Bringing back the house call

Bringing back the house call

Think about the last time you made a doctor’s appointment, for anything. How long did you wait between when you called and the day you could be seen? Did you have to travel far? Did you have to wait long to see the doctor? How did all the time you spent scheduling, traveling, and waiting compare the duration of the appointment itself?

Now think about what this might be like for someone recovering from a stroke or coping with Parkinson’s disease. Imagine if they could meet with their doctor in the comfort of their own home.

Largely considered an antiquated health care practice, the “house call”is once again at the forefront of modern medicine thanks to telemedicine, which is already changing how the URMC diagnoses Parkinson’s disease.

When a patient’s family physician suspects Parkinson’s disease, the patient can call a toll-free number to download software that is very easy to set up. The “visit” is essentially a secure video chat. The neurologist asks questions and watches the patient’s responses

Director of the Center for Human Experimental Therapeutics E. Ray Dorsey, MD, MBA, explains the remote sessions are just as accurate as an in-person consultation. “After all, Dr. James Parkinson first described the disease in 1817 by watching people walk in the park in London. We’re doing the same thing, just using the latest technology.”

Telemedicine is poised to have a profound impact on the delivery of health care for a broad range of diseases in the coming decades.

“The idea that we can provide care to individuals with Parkinson’s disease regardless of where they live is both a simple and revolutionary concept,” said Dorsey, the David M. Levy Professor of Neurology. “By employing essentially the same technology that grandparents use to talk to their grandchildren, we can expand access to the specialized care that we know will improve patients’ quality of life and health.”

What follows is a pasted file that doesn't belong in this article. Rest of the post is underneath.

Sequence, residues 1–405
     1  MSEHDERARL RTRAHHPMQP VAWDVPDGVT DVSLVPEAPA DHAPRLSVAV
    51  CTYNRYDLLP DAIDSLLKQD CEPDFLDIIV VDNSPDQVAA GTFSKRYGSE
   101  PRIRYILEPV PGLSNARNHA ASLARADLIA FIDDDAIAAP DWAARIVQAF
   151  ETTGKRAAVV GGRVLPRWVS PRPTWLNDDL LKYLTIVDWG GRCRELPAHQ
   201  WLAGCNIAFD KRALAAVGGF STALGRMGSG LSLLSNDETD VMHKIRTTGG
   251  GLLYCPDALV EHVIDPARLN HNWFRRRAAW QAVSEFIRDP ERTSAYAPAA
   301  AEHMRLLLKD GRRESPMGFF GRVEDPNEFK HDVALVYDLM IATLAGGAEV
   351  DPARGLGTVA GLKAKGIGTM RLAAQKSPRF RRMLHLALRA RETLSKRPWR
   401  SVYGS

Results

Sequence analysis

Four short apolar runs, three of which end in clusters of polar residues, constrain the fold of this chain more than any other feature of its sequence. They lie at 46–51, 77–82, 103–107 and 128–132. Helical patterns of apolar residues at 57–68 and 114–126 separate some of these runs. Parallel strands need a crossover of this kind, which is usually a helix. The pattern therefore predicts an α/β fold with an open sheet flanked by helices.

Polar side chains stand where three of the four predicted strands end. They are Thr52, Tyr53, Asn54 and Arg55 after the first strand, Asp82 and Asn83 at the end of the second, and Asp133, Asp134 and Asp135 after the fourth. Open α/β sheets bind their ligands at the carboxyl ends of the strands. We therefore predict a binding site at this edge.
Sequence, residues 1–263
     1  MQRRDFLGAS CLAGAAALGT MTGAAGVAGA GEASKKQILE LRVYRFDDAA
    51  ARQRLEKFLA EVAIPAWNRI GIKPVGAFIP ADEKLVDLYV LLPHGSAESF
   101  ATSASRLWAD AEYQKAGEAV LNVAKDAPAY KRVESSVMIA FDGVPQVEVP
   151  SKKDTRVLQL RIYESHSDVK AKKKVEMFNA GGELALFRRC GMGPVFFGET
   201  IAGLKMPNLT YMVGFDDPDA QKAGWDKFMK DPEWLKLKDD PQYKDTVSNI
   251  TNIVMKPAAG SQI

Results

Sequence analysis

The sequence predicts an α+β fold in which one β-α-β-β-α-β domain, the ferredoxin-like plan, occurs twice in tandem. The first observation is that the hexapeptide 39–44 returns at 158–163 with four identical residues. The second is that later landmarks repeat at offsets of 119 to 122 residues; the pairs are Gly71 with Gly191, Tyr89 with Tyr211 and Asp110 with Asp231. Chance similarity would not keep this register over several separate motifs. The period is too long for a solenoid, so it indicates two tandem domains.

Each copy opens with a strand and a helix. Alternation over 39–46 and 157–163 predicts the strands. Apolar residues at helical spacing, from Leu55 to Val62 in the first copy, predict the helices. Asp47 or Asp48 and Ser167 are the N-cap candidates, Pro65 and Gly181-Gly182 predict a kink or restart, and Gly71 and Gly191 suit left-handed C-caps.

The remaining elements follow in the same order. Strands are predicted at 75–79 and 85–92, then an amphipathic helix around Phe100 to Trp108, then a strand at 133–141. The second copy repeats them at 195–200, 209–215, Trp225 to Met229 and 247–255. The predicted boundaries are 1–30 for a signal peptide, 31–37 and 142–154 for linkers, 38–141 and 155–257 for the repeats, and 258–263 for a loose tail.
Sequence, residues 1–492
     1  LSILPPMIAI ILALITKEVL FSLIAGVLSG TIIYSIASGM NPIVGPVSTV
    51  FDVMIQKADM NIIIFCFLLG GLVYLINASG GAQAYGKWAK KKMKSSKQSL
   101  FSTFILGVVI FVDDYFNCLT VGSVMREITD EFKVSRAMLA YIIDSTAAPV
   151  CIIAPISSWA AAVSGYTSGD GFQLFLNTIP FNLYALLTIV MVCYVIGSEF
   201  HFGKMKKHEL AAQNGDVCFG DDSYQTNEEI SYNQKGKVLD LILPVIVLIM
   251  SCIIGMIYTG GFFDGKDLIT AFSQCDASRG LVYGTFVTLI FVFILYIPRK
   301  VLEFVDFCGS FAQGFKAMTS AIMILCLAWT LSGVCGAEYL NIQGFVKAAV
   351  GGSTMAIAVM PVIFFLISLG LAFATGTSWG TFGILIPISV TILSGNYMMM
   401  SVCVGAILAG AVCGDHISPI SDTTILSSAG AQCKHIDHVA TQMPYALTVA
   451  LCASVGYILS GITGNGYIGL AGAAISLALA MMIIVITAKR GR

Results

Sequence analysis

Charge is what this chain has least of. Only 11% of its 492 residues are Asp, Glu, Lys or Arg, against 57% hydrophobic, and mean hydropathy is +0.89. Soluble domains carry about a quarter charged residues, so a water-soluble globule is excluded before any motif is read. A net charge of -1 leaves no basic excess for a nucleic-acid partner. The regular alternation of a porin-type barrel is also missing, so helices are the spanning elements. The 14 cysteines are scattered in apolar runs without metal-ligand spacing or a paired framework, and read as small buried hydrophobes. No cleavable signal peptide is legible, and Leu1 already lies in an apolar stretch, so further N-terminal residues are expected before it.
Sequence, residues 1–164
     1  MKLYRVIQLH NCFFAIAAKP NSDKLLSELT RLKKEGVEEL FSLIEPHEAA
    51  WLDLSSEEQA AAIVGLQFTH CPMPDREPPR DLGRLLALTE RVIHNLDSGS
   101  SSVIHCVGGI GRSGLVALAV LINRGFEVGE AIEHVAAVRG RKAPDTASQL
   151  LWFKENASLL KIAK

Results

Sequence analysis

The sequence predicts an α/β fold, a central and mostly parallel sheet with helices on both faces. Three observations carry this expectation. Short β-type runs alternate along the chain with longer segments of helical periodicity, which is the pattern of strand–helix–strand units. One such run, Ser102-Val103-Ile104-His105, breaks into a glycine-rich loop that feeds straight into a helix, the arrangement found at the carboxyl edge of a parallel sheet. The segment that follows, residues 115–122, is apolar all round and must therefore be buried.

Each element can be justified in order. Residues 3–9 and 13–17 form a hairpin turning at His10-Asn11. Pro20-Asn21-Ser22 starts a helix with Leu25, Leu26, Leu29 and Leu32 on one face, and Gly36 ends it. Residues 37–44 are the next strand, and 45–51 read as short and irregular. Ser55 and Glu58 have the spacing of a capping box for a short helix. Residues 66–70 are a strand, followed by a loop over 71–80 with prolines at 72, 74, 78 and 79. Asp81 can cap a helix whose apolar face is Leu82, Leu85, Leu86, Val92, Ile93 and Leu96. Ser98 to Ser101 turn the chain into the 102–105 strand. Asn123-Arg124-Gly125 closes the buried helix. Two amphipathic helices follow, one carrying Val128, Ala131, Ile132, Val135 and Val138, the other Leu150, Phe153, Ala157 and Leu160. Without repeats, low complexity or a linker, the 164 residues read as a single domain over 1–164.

Partner with a professor

Telemedicine is a method; it’s not a solution. Dorsey and his research partner Eric Topol, MD, don’t foresee an end to the office visit. In fact, they cite a “digital divide” for older patients as one of largest remaining obstacles. But there’s another more threatening obstacle.

Federal funding to support research that drives innovative approaches to health care, like telemedicine, is on the decline.Through research funds, you can give scientists the freedom to pursue creative theories. You can help our researchers turn “potential” into “breakthrough.” To find out how, contact Matthew Haag.

Learn more about the future of telemedicine.

 


—Matt Cook, May 2017



More Stories

  • Coach Pat Stark with Jeff Wittig ’86

    Coach Pat Stark: ‘He was part of our family’

    Peter “Pat” Stark, who had a highly successful career as a coach and an administrator at the University of Rochester, passed away on June 19. He was 90 years old....

  • Mike Sportiello

    Getting food onto the tables that need it most

    Mike Sportiello is third-year PhD student at the School of Medicine and Dentistry. He’s studying immunology and how certain cells fight influenza infection. This is the kind of research that could lead to the construction of an effective ...

  • ‘Our community is rallying together’

    Rochester alumni and friends around the world are helping to keep health care workers safe, advance COVID-19 research, and support students with emergency needs....

  • ‘Our parents and alumni in China are true University ambassadors’

    The University’s China Parent Network Committee arranged an initial donation of 3,000 face masks for immediate distribution to students who were still on campus. The network then called upon the broader Chinese parent community—comprise...